After a night of close-quarters tacking in the Celtic Sea into a 15-knot northwesterly breeze Dongfeng Race Team, which had been in second place in the seven-strong Volvo Ocean Race fleet, was the first to round the famous Fastnet Rock this morning.
Charles Caudrelier and his crew managed to overhaul former class leader AkzoNobel and were the first to ease sheets and begin the leg back to Plymouth with the wind now behind Dongfeng and set to freshen as they head towards the Isles of Scilly.
At 08h30 local time this morning Dongfeng had 246.3 miles left to sail to the finish off Plymouth and was two miles ahead of AkzoNobel, skippered by Simeon Tienpont, with the Spanish entry MAPFRE, skippered by Xabi Fernández, another half a mile astern.
On Dongfeng there were broad smiles and a thumbs-up from navigator Pascal Bidégorry as the crew worked the boat downwind for the first time in this 605-mile classic and with the famous Fastnet lighthouse now behind them.
“It’s good, rounding the Fastnet is always fantastic. It is a nice day, not a very windy one. It was not easy to be the first here. We have had a great fight with the Spanish and with AkzoNobel since the beginning of the race and then the whole fleet compressed in a really light spot,” said skipper, Charles Caudrelier.
“Now this is a long downwind phase and it will probably be very challenging, because the wind is very shifty and the other boats at the back will try something. So it will be very hard to stay ahead before we reach the Isles of Scilly. After that, things will be more clear.”
Marie Riou, who is taking part in the Rolex Fastnet Race for the first time, was also glad to round the rock in first place. “We passed the rock in daylight so I saw it and that was nice. I’m really happy to be here. Now, we have to go downwind and stay focused until the finish line. We overtook team AkzoNobel during the night so we are in first place which is good, but there is still a long way to go. But this is a good start and it’s good to be in first place, really exciting!”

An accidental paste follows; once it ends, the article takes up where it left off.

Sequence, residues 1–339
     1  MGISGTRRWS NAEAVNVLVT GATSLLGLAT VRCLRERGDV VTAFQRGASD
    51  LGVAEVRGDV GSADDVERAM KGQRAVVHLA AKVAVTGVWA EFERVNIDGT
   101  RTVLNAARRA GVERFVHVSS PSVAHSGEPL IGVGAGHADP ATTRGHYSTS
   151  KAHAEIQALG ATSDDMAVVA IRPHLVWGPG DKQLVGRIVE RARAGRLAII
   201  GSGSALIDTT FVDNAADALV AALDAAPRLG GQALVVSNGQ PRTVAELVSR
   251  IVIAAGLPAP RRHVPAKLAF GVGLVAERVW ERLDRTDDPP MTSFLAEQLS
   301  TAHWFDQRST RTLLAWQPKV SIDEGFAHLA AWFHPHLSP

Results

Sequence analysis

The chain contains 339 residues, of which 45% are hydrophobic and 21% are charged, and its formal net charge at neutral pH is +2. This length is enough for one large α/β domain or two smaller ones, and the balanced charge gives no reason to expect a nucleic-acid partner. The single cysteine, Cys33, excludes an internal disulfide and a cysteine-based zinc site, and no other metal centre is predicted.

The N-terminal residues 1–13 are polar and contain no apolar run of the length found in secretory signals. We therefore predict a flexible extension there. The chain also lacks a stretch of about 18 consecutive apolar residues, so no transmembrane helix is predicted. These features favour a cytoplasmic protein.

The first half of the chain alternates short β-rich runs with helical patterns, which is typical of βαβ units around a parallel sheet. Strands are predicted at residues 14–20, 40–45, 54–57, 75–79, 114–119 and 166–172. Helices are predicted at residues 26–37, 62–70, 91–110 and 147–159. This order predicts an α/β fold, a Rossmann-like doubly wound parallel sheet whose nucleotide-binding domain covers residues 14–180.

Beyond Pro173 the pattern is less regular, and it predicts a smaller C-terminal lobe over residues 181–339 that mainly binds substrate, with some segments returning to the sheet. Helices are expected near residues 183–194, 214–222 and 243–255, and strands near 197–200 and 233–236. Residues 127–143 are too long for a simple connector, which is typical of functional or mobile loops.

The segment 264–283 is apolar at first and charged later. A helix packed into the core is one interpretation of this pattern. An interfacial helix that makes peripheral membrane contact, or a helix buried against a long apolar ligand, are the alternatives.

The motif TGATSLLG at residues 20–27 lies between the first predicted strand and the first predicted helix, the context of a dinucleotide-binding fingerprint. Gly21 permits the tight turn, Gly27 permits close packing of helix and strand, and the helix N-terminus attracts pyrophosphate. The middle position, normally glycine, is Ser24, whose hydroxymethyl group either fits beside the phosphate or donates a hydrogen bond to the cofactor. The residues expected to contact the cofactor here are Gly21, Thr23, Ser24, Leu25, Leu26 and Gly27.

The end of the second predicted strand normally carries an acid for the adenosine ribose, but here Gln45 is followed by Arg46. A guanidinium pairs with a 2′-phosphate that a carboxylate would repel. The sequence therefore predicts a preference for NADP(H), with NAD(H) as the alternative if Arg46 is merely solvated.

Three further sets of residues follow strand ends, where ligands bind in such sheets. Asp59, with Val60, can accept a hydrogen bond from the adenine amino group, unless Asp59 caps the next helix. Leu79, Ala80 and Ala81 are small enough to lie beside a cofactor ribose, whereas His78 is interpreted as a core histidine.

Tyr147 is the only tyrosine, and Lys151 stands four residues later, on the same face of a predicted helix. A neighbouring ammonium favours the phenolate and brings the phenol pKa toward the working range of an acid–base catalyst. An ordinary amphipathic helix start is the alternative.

CQS Is Also Round
Ludde Ingvall’s team on the super maxi CQS, rounded the Fastnet Rock at 06h25 this morning, second on line honours, and turned for the run back to the finish in Plymouth. They reported soon after rounding the famous rock, off the south west coast of Ireland, they were sailing at 14 knots in 15 knots of wind.
The breeze has been fairly consistent all night, and they have maintained their advantage over Nikata, and are looking forward to a fast downwind ride back to the finish.
Speaking from onboard, Kiwi helmsman Chris Dickson commented just before they rounded, “we’ve had a great night on CQS, we’ve got Nikata tucked away safely behind us, we’ve got the Fastnet Rock directly ahead, the sun’s about to come up, and we’re ready to put the spinnaker up and go for home.”
While CQS still trails the American yacht Rambler 88 in the battle for line honours, the conditions for the leg back to Plymouth look much more suitable for Ludde’s high tech boat, and they hope to start reeling in the Americans.
With the breeze forecast to stay in the north for most of the next 24 hours, CQS should be able to fly her massive spinnaker and deploy her foils, at least until they turn east at the Bishop Rock lighthouse.
The team will also have to weave their way through the whole fleet behind them, over 350 boats, still on their way to the rock. Once back in the English Channel there will also be two tide gates to negotiate, at the Lizard Head, and Dodman point.
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